It’s rare when J volunteers to choose a restaurant. But considering that his traditional Chinese abilities are far more advanced than mine, he’s been taking the reins on a lot of food choices these past two weeks. We’ve been having a real hankering for Japanese food recently. And given the heavy, heavy Japanese influence in Taiwan – finding Japanese food hasn’t been a problem.
He choose Fei Qian Wu, 肥前屋, a joint famous for their unagi-don (eel bento). Word on the street is that they have the most “authentic” roasted eel bento in all of Taipei. Order in Japanese or in Mandarin—the restaurant was founded 35 years ago by a Japanese-Taiwanese family.
As we were walking to the restaurant, we noticed a significant number of Japanese restaurants in the area. According to Taipei Times, the area used to be the home of a Japanese colonial administration. Located in a narrow alleyway, this place was absolutely packed. J & I were forced to share a table with another couple and a lone diner. The seating is cafeteria-style and service is rather rushed.
But the food was great, and sometimes, that’s all that really matters. Fei Qian Wu is famous for their eel. A single portion of eel on rice with miso soup costs NT 140 ($4.67), while a larger portion comes in at NT 240 ($8.01). Truth be told, I’m not a fan of eel myself. The only other time I’ve had it was at Sushi-Dai (one of the most famous sushi restaurants) near the Tsukuji Fish Market in Japan. But according to J, this was hands-down the best version of roasted eel he’s tasted (and he’s had eel three days in a row already).
I myself opted for the beef bowl because I absolutely craved beef. It was a decision caused by having to sadly settle for pork at the nearby Yoshinoya near my apartment earlier in the day. Yoshinoya in Taiwan doesn’t have beef. The horrors.
The verdict? 100x better than Yoshinoya. Juicy slices of beef with onions and a daikon radish on the side. I found myself picking at the leftover grains of rice and wishing I had more.
For the sides, we opted for the grilled squid – oh-so-juicy and seasoned in S&P, and the tempura – lightly battered and oozing with flavor.
This restaurant was a definite win. Cheap, casual, and mouth-watering delicious.
No.13-2 Alley 121, Section 1, Zhongshan North Road, Taipei, Taiwan
11am to 2pm, 5:30pm to 8pm. Closed Monday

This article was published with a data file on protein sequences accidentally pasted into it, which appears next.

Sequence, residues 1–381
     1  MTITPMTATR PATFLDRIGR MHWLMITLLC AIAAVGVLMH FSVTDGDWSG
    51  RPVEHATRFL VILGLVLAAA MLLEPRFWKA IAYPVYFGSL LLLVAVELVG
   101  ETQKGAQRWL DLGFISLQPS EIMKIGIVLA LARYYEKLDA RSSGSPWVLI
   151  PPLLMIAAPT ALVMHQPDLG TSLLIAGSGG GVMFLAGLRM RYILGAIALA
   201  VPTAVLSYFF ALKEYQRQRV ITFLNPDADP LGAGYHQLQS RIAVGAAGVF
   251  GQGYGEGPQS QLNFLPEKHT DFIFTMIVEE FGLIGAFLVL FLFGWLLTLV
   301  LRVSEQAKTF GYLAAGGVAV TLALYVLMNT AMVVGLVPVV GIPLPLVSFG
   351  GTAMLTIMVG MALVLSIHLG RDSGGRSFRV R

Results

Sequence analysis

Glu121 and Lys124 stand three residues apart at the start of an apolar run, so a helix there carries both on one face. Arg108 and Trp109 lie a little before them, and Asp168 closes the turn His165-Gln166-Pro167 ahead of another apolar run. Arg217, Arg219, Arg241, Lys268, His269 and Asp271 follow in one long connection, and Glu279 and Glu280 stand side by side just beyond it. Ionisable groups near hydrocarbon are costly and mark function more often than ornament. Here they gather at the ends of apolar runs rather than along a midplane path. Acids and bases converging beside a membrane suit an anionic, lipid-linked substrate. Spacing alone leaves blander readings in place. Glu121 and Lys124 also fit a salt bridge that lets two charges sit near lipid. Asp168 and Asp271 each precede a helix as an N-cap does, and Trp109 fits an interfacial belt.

Oh the joy of catching, roasting, then eating your own food. After a good couple of hours of ah-gei eating and Danshui exploring, we settled at this shrimp fishery (can I call it that?) also in Danshui.
Now, the next three hours were probably one of the most epic ones of my Taiwan trip. Here’s the set-up: You get to choose between fishing the female variety or the male. It was 600 NT (around $20) for two hours of fishing. Poles and bait (liver and baby shrimp) included.
Of course we opted for the male fish. They’re larger — which means more meat. I’ll admit, I screamed when the first one came out. These are not regular shrimp. They’re giant river prawns…with blue claws that snap and twitch around violently when they are fished out of the water.
Unhooking them is another challenge in itself. By now, the shrimp has swallowed the bait. The key is to hold their claw while you try to pry the hook out of its throat.
By two hours we had only caught 12 between four people. The count was disappointing, but the meat sure wasn’t. You skewer and roast the shrimp yourself and there’s a complimentary salt plate that you season the shrimp with. Pop them in the oven for a couple of minutes before consumption, of course.
These were amazing. They taste like a lobster-shrimp love child. The exoskeleton is as hard as a lobster and the insides are unbelievably meaty. Dip them in soy sauce and vinegar and you’ve got yourself a delicious, steaming hard-earned meal.
How to get there: Take the bus number 37 to 黄昏市场 from the MRT station at Danshui. Keep walking toward the same direction where the bus is going and destination will be on the right.